A modern-day Renaissance Woman, Dr. Chika Oriuwa’s talents are truly diverse. A doctor, poet, spoken word artist, and a fierce advocate for the underprivileged, Oriuwa has leveraged each of her skills as stepping stones for people in marginalized populations.

Born to Nigerian immigrant parents in Toronto, Oriuwa graduated high school as the valedictorian of her class in 2011. After completing a bachelor’s degree in health sciences, she felt the call to take a year off and focus on her poetry. Her interest in poetry began as early as kindergarten, and was a passion she continued to nurture throughout school. Her powerful messages paved the way for her to enter multiple national spoken word and slam poetry competitions, and helped her cultivate a strong and distinct voice, which she would continue to use as she transitioned to healthcare.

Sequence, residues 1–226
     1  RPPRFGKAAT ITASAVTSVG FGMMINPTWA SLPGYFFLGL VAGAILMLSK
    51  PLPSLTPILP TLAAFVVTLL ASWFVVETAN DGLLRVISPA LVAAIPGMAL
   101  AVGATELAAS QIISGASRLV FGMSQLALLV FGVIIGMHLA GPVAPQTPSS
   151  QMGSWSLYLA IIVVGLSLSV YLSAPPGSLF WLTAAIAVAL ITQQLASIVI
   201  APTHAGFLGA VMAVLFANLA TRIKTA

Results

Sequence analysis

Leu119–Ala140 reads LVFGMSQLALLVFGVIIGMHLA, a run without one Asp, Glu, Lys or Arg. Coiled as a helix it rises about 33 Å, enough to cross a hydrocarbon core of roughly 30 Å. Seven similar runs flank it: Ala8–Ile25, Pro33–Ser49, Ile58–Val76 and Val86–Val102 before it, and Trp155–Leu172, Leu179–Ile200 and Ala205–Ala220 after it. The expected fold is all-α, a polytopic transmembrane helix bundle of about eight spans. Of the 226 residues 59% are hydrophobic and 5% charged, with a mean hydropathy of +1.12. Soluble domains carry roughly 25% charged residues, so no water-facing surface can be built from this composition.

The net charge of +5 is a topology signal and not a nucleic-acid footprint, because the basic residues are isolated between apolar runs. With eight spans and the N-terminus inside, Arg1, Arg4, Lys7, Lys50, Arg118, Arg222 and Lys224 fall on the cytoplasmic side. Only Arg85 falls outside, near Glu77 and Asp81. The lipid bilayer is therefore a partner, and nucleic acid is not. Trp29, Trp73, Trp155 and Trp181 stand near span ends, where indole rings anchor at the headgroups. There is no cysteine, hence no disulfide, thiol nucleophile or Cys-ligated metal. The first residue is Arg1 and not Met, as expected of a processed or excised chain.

Become a Subscriber

Please purchase a subscription to continue reading this article.

Subscribe Now

As the first solo Black female valedictorian of the University of Toronto, she provided much-needed inspiration to a younger generation of aspiring doctors. She recalls the moment she knew for certain that psychiatry would be her specialty: throughout her medical rotations, she never doubted her role as a physician, but when a Black female patient cried tears of relief upon seeing a doctor from the same demographic as herself, Oriuwa knew what she had to do. “That was a moment, just recognizing how uniquely situated I would be in psychiatry, where Black patients get differential treatment.”

Oriuwa has become the ambassador and public face of the University of Toronto’s Black Student Application Program, which connects applicants with Black professors, students, and other community members more closely throughout their application process. She also co-founded the Black Interprofessional Students' Association (BIPSA), designed to help graduate students develop networks across different fields.

Currently a psychiatry resident at the University of Toronto’s Medical School, she is also the co-director of Uflow, a nonprofit youth leadership organization. Recently, the Mattel corporation honored her with a Barbie doll cast in her likeness as one of the company’s six Role Model Program dolls celebrating frontline healthcare workers.